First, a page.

NBA sizes up Alexander, Oubre

Kansas guard Kelly Oubre Jr., left, and forward Cliff Alexander celebrate a three by teammate Wayne Selden Jr. during the second half on Monday, Feb. 2, 2015 at Allen Fieldhouse.

Kansas guard Kelly Oubre Jr., left, and forward Cliff Alexander celebrate a three by teammate Wayne Selden Jr. during the second half on Monday, Feb. 2, 2015 at Allen Fieldhouse.

Thursday, May 14, 2015

Former Kansas University basketball players Cliff Alexander and Kelly Oubre Jr. were measured by NBA officials on Wednesday — the first day of this week’s Draft Combine in Chicago.

Oubre, who is projected to be selected No. 13 in the first round by and No. 11 by, measured 6-foot-6 3⁄4, 203 pounds in shoes. He was listed 6-7, 200 at KU.

Alexander, who is projected to be chosen No. 27 in the first round by and No. 5 in the second round by, checked in at 6-8 1⁄2, 239 in shoes. He was listed 6-8, 240 at KU.

Oubre in Chicago had a 7-2 1⁄4 wingspan and 8-6 1⁄2 reach, with 5.7 percent body fat. Alexander had a 7-3 1⁄2 wingspan and 9-1 1⁄2 reach, with 5.8 percent body fat. Oubre’s hand length was 9 inches and hand width 8 3⁄4 inches; Alexander’s hand length was 9.5 inches and width 10 1⁄4 inches.

Oubre at P3: Oubre has spent the last four weeks working out with several other NBA Draft hopefuls at Peak Performance Project in Santa Barbara, California.

“I’m working on agility things, becoming faster, becoming a more well-rounded athlete,” the New Orleans native told

“Pretty much every day we work on different things, getting stronger, upper body, working on my core so that when I do certain moves I can drive my hips more. It’s helping me be a stronger player and more aggressive on my attack moves.”

Oubre works out three times a day.

“It’s not much different (from training at KU),” Oubre told “Andrea Hudy (KU) is one of the best strength coaches in the country. She pretty much had us doing a lot of the mobility things we are doing at P3. It kind of translated a little bit. I can see some of the similarities that we did at Kansas here.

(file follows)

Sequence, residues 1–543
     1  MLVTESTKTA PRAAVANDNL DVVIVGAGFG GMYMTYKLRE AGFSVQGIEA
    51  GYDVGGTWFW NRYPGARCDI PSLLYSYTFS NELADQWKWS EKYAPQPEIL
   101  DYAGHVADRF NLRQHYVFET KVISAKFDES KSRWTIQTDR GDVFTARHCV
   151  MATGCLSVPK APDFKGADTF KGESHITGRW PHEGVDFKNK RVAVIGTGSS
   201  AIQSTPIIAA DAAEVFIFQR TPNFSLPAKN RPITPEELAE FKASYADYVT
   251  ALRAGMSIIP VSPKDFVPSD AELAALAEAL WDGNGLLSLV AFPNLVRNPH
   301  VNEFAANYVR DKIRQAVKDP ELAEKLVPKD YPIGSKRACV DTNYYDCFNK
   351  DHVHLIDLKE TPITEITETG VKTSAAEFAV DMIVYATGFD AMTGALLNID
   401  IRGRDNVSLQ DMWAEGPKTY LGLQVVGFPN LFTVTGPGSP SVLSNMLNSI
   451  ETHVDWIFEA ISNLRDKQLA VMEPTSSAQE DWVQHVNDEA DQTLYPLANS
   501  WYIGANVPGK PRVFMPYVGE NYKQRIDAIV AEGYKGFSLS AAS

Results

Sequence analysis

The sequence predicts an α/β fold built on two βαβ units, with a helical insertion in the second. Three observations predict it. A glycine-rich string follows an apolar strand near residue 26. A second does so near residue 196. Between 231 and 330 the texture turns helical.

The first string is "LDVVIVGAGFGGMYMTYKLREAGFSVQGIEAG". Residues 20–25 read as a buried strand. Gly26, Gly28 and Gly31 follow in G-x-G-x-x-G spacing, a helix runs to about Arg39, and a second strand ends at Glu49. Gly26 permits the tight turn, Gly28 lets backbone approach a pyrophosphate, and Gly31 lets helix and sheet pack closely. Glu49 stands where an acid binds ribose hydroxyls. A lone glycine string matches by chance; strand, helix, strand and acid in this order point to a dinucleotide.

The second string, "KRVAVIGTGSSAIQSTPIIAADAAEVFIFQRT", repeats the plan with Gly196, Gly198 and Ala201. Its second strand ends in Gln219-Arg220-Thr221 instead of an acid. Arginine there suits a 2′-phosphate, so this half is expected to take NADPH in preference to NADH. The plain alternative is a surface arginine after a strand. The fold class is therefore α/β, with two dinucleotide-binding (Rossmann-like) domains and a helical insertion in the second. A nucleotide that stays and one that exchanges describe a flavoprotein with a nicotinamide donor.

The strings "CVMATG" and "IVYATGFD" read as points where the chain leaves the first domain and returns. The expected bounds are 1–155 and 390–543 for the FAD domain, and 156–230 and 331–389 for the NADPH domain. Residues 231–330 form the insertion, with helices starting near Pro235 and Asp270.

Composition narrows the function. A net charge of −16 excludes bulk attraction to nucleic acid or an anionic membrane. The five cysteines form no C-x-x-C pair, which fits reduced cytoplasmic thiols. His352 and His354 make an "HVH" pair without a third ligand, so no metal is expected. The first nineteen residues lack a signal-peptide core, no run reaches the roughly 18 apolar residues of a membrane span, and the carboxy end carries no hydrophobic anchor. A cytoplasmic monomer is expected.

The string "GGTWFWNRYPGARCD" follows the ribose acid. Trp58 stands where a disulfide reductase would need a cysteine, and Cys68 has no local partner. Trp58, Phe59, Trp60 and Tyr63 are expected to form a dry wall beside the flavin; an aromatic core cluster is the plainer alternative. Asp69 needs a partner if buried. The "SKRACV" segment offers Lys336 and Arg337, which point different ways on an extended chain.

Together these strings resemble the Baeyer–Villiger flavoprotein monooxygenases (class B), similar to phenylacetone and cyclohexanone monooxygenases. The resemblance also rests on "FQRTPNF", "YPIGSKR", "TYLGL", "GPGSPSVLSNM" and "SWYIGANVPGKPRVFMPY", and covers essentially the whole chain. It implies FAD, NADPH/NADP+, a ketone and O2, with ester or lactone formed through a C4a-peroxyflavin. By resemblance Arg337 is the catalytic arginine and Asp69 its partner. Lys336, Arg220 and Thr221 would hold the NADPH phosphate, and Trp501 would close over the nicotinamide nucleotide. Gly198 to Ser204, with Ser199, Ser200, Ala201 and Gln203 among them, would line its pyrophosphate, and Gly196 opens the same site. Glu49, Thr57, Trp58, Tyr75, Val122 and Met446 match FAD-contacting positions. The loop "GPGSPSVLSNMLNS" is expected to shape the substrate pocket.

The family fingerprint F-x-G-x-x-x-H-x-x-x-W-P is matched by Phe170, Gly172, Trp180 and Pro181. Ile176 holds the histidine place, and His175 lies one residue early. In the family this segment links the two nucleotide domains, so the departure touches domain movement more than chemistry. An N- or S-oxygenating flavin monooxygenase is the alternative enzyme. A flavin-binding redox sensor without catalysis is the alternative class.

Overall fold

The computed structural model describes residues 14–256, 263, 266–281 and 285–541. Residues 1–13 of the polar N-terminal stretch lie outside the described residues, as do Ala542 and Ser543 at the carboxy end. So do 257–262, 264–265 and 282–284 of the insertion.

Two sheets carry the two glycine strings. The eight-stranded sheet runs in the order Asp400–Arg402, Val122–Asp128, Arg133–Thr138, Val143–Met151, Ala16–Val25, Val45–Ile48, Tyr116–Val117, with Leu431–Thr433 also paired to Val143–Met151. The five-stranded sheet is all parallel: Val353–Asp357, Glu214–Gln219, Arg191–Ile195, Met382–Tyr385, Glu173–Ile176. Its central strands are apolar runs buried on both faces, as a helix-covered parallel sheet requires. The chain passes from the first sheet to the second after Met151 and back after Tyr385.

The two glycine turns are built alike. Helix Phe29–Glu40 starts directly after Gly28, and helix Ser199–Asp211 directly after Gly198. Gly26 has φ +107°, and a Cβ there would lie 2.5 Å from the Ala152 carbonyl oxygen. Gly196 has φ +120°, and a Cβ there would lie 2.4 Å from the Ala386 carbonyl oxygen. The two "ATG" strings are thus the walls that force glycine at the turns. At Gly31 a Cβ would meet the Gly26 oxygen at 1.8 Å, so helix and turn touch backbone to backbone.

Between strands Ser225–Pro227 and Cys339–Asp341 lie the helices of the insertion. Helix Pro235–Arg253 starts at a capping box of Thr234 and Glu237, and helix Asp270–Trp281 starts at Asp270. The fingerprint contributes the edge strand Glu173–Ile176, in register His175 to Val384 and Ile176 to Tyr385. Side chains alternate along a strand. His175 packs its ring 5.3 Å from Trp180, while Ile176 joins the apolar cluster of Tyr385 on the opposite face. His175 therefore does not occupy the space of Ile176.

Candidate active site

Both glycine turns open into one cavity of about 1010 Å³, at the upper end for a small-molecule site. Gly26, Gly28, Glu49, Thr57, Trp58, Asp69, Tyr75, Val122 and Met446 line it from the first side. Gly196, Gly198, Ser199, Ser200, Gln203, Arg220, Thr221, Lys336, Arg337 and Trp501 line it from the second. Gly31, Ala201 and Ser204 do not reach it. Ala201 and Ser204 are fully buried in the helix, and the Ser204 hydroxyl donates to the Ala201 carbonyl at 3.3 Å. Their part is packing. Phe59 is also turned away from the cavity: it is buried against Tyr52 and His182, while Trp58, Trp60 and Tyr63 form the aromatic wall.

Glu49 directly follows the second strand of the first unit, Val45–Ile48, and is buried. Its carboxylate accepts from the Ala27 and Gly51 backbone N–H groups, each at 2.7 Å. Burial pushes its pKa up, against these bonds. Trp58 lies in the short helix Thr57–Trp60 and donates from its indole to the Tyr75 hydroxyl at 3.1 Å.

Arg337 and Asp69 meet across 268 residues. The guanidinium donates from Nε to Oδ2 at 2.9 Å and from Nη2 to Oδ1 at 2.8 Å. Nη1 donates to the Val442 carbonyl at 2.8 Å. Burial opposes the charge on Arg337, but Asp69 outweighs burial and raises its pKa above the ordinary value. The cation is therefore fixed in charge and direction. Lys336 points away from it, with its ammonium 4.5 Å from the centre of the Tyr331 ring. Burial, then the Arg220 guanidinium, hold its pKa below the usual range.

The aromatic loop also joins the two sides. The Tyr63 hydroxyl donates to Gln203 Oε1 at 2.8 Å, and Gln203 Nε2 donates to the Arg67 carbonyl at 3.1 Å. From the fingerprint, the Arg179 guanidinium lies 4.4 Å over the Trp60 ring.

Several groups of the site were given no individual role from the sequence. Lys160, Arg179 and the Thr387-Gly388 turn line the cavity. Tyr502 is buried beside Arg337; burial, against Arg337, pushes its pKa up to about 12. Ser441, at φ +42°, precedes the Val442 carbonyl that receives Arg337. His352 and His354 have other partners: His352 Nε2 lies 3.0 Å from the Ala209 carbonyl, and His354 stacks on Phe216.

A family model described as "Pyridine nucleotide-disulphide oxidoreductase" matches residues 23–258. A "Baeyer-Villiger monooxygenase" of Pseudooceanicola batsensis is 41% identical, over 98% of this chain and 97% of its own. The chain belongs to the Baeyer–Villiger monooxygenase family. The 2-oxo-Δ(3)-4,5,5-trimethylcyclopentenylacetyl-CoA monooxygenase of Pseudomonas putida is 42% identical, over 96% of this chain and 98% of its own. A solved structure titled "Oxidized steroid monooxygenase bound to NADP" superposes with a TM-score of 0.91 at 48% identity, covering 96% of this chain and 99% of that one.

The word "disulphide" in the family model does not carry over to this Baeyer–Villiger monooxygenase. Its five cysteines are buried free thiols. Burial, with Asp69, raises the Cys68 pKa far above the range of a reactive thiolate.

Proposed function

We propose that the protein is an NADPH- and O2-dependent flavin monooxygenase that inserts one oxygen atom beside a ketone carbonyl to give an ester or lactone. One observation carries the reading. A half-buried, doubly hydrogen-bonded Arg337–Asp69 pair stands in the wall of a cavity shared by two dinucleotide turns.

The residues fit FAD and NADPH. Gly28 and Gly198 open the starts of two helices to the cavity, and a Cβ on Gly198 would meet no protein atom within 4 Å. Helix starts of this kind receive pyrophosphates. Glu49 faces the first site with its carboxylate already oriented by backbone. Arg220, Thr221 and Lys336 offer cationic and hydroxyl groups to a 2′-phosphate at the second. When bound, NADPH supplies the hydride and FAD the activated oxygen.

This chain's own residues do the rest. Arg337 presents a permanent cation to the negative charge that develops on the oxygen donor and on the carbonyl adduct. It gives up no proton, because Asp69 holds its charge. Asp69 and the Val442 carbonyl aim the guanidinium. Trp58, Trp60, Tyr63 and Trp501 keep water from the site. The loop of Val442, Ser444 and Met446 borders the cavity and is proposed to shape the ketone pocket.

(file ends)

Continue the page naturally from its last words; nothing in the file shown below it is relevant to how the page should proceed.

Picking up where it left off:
“I’m not taking days off and not taking short cuts, just focusing on my body, eating right, things like that. Those are things that will give me the edge, give me the step up on other athletes.”

Oubre, who averaged 9.3 points and 5.0 rebounds in his one season at KU, has high hopes for the June Draft.

“I want to go top-seven,” he said. “It’s definitely one of my goals. They have great players in this draft. No knock to anybody, but I feel I’m the hardest working guy in this draft because I have a chip on my shoulder. I’ve always had a chip on my shoulder. I know the importance of this draft, the importance of people saying where I’m going to go. I want to prove people wrong. I have a lot of confidence in myself. I’m going to show everybody what they said I couldn’t do. That’s definitely my main motivation.”

For the Oubre interview with go to

Learning: Oubre on Wednesday told he learned a lot in his one season at KU, one in which he played single-digit minutes in five of the first seven games, becoming a permanent starter in the 10th game.

“When I was sitting on the bench at Kansas it was pretty much opening up my eyes (to see) the world doesn’t revolve around myself,” he told “I have to abide by a team’s process, and pretty much I did so. I just believe I can compete at the highest level. My determination and my drive and my work ethic is second to none. I believe I can make a heavy impact at the next level.”

Alexander looking good: ESPN’s Chad Ford watched Alexander participate in drills with Wisconsin’s Sam Dekker, Georgia State’s R.J. Hunter, Arkansas’ Bobby Portis, Wyoming’s Larry Nance Jr., Texas’ Jonathan Holmes and Gonzaga’s Kevin Pangos on Tuesday at University of Illinois-Chicago.

“We haven’t seen Alexander play since Feb. 23. Kansas sat him down after the NCAA began investigating his family for receiving improper benefits. The damage was twofold. Not only did we not get to see Alexander play down the home stretch just as he was beginning to improve, but the investigation forced him into the draft before it was ideal. Now teams are scrambling to figure out where he should go,” Ford wrote.

“Everyone knows he has a NBA body, crazy long arms and tries to dunk everything. His length and motor are probably his two best characteristics. But after that, what sort of basketball player is he? What else does he bring to the table?

“One thing I saw in workouts here that I didn’t see much of at Kansas was a nice 10- to 15-foot jump shot Alexander was consistently knocking down in drills. He rarely shot it from there at Kansas and the assumption was he didn’t have that sort of range. But it was clear from the workouts he’s comfortable with that jump shot. He’s in no way a stretch four, but there’s more there than meets the eye.”

Washington on radar: Kyle Washington, a 6-foot-9, 225-pound sophomore forward from North Carolina State, has KU on his list of possible transfer destinations, reports. Washington, a native of Champlin, Minnesota, is also considering Iowa State, West Virginia, Marquette, Arizona State, Butler, Cincinnati, Iowa, Providence and Xavier. He was ranked No. 93 nationally in the Class of 2013 by